In the following article, how to adapt your comic to film, Daniel Clowes tells us his experience. Although it is not the same to make a feature film than to make a Comic, you should take into account some guidelines, tips, and guides that he gladly offers us, and we offer you, but don’t waste time, read on!
The path from Comic to the big screen
If you are a fan of comics, you probably know Daniel Clowes, one of the most important figures in American graphic narrative. Clowes has given us true masterpieces, such as Like a Velvet Glove Cast in Iron, David Boring or Ice Haven.
Undoubtedly, his most famous comic is Ghost World, that story about Enid and Rebecca, two teenagers who make a transition to adulthood, wandering around an American city in the 90s, while criticizing popular culture and the people who cross their lives.
In 2001, Terry Zwigoff proposed to Clowes to bring the comic to the big screen.
In this article, we will tell you about Clowes’ interesting experience in this filming, being a comic book artist, who knows the world of feature films. Prepare yourself some popcorn!
Of utmost importance: Adapting a comic book to film is not transcribing it.
When film director Terry Zwigoff contacted Clowes about making a film, the cartoonist was thrilled. Who would turn down a proposal that came from the director of Robert Crumb’s documentary?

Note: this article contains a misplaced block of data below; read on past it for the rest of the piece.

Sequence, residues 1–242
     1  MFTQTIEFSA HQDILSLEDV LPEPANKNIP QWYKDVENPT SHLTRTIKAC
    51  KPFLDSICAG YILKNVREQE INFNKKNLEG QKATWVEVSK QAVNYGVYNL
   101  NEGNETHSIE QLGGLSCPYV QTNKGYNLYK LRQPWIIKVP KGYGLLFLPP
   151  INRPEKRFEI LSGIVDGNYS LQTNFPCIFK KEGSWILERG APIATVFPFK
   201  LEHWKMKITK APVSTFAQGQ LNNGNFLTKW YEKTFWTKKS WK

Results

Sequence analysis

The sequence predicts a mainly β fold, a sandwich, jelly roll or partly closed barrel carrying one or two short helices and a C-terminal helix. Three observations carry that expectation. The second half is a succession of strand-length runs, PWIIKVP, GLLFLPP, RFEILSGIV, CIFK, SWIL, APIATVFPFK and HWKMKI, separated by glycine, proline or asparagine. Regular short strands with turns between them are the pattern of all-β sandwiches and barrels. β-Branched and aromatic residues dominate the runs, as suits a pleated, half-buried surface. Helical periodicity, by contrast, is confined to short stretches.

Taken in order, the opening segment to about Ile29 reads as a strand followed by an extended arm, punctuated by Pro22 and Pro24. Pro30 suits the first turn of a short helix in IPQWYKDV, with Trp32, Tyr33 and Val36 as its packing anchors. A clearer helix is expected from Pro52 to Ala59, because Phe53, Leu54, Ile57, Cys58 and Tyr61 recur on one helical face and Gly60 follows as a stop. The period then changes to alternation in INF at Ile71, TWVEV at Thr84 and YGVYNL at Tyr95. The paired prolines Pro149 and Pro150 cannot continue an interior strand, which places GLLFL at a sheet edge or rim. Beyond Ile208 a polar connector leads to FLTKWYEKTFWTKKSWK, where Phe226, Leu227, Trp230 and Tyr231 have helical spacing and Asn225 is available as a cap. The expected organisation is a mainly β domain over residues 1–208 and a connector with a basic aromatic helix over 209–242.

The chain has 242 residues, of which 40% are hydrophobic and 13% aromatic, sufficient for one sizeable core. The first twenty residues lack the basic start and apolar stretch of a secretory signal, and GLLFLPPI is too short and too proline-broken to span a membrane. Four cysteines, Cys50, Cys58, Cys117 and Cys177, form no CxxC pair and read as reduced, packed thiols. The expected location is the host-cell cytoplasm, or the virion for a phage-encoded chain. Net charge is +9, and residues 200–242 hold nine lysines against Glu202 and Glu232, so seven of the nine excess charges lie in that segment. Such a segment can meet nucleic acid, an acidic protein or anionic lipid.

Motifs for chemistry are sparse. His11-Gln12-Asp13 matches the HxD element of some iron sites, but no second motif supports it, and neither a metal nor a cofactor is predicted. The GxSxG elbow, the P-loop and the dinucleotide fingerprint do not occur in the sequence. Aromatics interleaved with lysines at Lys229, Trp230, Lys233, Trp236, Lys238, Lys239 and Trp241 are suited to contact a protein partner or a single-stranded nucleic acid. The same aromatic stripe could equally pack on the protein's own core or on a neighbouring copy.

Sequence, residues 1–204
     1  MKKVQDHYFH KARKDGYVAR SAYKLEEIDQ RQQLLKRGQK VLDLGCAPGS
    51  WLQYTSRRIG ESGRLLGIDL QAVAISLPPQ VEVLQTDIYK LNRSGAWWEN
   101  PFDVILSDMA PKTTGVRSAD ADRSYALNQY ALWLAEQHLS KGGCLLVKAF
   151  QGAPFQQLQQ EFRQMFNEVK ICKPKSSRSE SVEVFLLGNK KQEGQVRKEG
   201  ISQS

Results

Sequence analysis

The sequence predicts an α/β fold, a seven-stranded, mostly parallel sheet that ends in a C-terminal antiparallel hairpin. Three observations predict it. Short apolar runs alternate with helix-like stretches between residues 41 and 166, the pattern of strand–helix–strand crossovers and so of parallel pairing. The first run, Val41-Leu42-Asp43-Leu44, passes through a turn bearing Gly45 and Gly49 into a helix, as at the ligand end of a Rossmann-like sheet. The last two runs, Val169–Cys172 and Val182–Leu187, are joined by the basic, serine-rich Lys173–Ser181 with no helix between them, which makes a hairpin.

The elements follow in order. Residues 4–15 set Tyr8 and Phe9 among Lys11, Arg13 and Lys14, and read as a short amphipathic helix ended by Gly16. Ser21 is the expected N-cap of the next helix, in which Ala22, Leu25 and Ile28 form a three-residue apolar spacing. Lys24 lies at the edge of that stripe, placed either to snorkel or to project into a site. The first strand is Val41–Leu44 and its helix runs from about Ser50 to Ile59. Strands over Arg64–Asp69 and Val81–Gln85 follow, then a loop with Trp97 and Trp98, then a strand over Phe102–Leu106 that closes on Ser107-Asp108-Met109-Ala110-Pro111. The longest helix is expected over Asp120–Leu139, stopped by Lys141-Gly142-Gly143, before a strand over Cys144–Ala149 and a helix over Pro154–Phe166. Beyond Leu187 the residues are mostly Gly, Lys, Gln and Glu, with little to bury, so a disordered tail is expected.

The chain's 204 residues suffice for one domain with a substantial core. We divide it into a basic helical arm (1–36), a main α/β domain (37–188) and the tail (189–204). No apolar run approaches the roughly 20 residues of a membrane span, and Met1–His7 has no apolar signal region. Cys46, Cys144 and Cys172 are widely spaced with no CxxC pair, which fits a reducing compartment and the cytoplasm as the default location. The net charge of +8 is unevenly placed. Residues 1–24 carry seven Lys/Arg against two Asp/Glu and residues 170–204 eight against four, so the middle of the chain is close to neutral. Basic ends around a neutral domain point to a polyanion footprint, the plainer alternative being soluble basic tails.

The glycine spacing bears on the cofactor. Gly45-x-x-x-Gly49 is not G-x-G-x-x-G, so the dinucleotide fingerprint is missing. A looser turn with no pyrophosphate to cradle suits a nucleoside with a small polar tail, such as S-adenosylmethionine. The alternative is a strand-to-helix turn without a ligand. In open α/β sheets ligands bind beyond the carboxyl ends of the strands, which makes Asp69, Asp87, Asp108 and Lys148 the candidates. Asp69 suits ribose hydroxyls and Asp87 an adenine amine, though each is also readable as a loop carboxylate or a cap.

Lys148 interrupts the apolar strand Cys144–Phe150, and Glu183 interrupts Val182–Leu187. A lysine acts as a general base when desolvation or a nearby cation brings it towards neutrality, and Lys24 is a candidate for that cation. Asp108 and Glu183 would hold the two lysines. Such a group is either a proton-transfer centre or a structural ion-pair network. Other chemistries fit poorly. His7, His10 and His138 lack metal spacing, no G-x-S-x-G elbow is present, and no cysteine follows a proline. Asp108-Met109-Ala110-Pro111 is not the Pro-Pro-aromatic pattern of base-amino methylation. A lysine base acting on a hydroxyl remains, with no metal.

Clowes thought he would just type the dialogue from his comic book Ghost World, change the drawings to descriptions, and write in a “Enid sitting on a bench, says this sentence” style, but when the producer saw Clowes’ script, she couldn’t believe what he had written, and told him that what he had to do was write a movie, not just a transcription of his comic book.
Merging styles to adapt the comic book to film
He set aside his comic book and, together with the director, Terry, they modified the world of the story, creating new characters and developing the existing ones between the two of them.
For Clowes, at times, it was frustrating not to be able to capture on film exactly the tones of voice and attitudes of the characters in his comics, the director and the actors had their own styles.
In the end, the cartoonist realized that you have to let the actors embody the characters with their own sensibilities, and that Terry’s ideas were the right ones to adapt his comic.
You can’t always exactly imitate the aesthetics of the comic book
Terry and Clowes tried to imitate several things from the aesthetics of Ghost World, such as the blue tone, which accompanies the black and white of the comic’s pages.
For Clowes, the atmosphere generated by that color was very special. The cartoonist recalls that when he was a teenager, the age of Enid (the comic’s protagonist), he would walk through the streets of Chicago at 6 o’clock in the morning, and see through the windows of the houses, people who had turned on the television.
The bluish light that radiated in the atmosphere, coupled with the absence of color in the street, was an image that Clowes wanted to reflect of his own adolescence. In the film, they tried to capture that atmosphere. They even filmed with a type of blue light, but as it was not convincing it was discarded.